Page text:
Breakdown of BCS bowl games

An in-depth look at the five BCS bowl games.

Rose Bowl

Jan. 1

Pasadena, Calif.

TCU vs. Wisconsin

There but for the grace of a few gags, this could’ve been for the national championship.

Had Oregon and Auburn both lost on Saturday, TCU would’ve been a near-lock to play in the BCS Championship Game, while Wisconsin might have found a way to slip into the title game as, theoretically, the best of the BCS conference champions. But it didn’t happen, and now the Badgers and Horned Frogs will play an interesting and historic Rose Bowl.

The Rose had to take the highest-ranked, eligible, non-automatic qualifying team the first time it lost a Big Ten or Pac-10 school to the BCS Championship Game, and while Boise State appeared to be destined here a few weeks ago, now it should be a terrific slugfest with TCU looking to show it belongs among the big boys with a move to the Big East in 2012. The Horned Frogs completed their second straight perfect season, but the respect isn’t quite there, and the national title talk certainly wasn’t there, compared with Boise State. The best BCS win came against Oregon State in a ho-hum, 30-21 opener, and while the blowout over Utah was nice, it lost its luster after the Utah got blasted by Notre Dame.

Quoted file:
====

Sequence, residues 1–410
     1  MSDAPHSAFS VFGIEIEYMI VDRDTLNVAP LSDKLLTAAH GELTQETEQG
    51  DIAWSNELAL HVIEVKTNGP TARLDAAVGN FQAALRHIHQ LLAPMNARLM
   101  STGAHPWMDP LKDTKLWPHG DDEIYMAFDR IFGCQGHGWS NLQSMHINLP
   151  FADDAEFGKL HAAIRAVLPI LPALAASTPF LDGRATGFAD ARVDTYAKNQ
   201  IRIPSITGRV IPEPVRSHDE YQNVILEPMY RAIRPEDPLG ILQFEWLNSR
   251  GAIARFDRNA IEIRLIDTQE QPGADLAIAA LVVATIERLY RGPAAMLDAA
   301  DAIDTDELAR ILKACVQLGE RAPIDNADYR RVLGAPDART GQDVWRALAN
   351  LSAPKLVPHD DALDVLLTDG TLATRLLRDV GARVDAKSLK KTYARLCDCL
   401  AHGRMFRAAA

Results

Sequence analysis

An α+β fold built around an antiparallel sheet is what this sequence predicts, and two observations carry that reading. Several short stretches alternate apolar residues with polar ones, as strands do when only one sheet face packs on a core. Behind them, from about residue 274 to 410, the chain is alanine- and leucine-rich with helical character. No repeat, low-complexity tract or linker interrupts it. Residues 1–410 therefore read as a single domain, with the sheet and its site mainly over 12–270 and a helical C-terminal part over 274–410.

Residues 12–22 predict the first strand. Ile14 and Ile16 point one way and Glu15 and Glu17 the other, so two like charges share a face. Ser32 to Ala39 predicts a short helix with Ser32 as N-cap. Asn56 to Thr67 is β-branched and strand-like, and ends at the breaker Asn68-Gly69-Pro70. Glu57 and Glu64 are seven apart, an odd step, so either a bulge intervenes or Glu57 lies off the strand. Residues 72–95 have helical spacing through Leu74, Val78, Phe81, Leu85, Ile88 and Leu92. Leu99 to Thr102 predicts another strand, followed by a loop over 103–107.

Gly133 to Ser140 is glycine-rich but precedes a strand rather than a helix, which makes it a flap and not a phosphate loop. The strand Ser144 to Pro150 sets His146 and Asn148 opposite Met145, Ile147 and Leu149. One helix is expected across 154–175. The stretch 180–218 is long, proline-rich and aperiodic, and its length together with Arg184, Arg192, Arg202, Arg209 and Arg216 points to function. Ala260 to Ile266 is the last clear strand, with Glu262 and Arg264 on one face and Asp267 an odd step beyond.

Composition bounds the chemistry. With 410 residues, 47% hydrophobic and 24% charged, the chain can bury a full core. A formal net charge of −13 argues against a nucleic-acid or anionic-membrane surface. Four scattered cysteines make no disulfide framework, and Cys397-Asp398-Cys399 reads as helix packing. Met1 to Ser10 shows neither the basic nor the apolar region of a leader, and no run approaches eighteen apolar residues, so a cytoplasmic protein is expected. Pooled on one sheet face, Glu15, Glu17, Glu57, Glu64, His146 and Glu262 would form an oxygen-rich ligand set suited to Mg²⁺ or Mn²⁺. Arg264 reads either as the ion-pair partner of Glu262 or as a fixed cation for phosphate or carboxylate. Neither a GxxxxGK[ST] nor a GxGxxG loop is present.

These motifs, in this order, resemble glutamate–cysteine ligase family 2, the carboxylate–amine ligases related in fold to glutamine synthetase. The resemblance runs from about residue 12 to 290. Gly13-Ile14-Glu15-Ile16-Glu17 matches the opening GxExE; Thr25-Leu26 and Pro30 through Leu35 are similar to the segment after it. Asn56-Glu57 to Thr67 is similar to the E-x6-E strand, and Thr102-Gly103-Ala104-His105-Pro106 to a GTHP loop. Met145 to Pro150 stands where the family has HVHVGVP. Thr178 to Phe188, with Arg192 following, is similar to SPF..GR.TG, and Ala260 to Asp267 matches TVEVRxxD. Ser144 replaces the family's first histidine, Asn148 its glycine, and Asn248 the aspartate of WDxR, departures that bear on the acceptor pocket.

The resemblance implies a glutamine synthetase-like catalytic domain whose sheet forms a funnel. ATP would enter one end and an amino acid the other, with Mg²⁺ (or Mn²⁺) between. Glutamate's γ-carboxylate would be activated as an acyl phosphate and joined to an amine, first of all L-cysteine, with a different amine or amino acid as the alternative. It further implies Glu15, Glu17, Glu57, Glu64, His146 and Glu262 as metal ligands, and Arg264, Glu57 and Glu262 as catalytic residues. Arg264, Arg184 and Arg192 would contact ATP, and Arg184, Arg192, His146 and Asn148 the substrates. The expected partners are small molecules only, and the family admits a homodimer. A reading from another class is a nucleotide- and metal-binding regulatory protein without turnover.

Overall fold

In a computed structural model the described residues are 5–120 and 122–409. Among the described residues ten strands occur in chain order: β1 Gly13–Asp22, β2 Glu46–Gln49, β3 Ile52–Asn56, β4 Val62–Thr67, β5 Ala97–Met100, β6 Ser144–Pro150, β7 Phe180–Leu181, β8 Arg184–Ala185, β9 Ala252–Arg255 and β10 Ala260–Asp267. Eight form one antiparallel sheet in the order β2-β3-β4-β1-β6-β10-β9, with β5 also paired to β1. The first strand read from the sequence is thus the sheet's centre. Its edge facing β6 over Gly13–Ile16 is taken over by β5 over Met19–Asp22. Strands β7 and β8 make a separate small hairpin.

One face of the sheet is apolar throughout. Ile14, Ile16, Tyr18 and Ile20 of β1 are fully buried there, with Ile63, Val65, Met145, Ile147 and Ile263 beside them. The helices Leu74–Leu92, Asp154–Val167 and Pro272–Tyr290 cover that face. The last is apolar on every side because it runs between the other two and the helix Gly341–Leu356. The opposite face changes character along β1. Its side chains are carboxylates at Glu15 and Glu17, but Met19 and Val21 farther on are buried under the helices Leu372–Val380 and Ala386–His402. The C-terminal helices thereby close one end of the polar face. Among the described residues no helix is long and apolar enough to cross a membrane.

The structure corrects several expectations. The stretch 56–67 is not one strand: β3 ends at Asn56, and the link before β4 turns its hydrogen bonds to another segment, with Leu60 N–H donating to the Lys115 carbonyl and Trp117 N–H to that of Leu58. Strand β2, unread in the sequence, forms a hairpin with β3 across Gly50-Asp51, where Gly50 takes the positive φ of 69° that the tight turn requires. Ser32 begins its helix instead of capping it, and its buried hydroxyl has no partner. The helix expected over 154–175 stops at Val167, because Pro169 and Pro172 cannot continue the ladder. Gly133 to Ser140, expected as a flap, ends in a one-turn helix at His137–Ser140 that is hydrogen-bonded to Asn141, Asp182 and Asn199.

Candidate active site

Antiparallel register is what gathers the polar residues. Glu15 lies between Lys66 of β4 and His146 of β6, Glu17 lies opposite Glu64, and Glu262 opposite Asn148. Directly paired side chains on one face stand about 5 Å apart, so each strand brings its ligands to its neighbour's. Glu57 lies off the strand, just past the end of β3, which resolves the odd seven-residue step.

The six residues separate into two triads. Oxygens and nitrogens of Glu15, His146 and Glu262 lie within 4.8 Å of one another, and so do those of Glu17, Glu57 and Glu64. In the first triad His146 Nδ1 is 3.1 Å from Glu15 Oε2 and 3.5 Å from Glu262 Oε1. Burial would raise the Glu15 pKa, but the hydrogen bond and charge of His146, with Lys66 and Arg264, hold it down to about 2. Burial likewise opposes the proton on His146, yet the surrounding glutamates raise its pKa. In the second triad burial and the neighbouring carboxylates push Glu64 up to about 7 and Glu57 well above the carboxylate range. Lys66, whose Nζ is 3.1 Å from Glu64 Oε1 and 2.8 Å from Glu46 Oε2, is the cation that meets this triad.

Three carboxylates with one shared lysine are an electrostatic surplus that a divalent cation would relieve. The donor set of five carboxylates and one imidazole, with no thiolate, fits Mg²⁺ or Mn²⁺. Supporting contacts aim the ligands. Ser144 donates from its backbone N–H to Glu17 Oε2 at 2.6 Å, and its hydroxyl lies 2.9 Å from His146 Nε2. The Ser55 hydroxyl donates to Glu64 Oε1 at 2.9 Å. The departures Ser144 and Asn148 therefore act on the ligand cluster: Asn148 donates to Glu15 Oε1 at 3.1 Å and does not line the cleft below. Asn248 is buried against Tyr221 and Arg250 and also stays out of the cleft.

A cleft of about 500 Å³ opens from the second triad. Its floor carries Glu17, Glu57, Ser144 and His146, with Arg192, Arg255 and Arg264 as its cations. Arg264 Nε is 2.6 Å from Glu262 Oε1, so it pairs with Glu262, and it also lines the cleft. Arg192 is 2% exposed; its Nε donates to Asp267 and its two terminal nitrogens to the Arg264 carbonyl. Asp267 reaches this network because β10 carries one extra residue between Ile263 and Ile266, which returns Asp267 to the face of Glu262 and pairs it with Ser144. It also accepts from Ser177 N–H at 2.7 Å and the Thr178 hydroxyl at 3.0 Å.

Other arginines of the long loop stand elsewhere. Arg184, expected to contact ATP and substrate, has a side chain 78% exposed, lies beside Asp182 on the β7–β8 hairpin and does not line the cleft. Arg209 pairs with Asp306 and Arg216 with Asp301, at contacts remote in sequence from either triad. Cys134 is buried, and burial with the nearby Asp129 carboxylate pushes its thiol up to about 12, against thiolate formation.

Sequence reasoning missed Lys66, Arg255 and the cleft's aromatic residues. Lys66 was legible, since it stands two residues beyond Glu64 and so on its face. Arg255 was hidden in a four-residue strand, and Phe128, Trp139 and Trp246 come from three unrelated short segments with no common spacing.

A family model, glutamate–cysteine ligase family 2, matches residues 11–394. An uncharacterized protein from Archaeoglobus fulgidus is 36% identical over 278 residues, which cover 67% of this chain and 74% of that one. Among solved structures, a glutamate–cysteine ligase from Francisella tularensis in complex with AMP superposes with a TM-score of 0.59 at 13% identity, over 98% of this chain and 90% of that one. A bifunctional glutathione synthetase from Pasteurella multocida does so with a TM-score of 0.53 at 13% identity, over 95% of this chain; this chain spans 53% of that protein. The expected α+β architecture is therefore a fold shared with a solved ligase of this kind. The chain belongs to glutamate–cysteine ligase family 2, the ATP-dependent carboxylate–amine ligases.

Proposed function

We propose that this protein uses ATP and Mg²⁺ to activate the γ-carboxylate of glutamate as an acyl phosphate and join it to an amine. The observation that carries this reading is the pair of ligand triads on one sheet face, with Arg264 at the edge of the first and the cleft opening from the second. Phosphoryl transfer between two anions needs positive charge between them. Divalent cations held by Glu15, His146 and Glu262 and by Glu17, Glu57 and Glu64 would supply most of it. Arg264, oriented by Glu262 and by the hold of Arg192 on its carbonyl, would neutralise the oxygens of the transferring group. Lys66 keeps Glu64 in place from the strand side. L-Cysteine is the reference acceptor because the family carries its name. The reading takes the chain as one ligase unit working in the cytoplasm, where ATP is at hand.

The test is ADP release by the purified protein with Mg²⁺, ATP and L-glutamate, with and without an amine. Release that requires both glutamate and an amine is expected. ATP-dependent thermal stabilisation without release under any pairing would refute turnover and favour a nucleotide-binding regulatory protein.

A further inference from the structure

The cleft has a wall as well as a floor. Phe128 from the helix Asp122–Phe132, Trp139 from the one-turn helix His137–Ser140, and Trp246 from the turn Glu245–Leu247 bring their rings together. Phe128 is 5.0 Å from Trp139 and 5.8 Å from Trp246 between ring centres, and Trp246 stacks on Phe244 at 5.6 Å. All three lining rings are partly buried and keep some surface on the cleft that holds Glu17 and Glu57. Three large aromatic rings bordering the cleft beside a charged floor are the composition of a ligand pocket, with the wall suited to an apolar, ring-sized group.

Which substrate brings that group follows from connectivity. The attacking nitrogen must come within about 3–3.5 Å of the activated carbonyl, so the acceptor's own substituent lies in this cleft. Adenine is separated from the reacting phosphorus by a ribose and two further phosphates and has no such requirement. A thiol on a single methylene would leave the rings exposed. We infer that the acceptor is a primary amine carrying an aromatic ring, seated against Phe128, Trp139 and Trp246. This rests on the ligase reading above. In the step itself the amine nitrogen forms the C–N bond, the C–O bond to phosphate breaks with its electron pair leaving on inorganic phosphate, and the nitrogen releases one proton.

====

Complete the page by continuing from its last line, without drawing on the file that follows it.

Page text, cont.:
TCU is No. 1 in the nation in total defense, scoring defense, pass defense and pass efficiency defense, allowing seven points or fewer in seven games and allowing more than 20 in just three of the wins. Can the aggressive, talented defense handle the hottest offense in college football?

Wisconsin closed out the year red hot, hanging 83 on Indiana and 70 on Northwestern as part of a breathtaking run of offensive efficiency and power. The Badgers scored 31 or more in each of the final seven games after the loss at Michigan State, and they improved and got sharper as the year went on. With the first trip to Pasadena since winning the 1999 and 2000 Rose Bowls, Wisconsin finally gets to shed its tag of being the best program to not be in a BCS game over the past 10 years.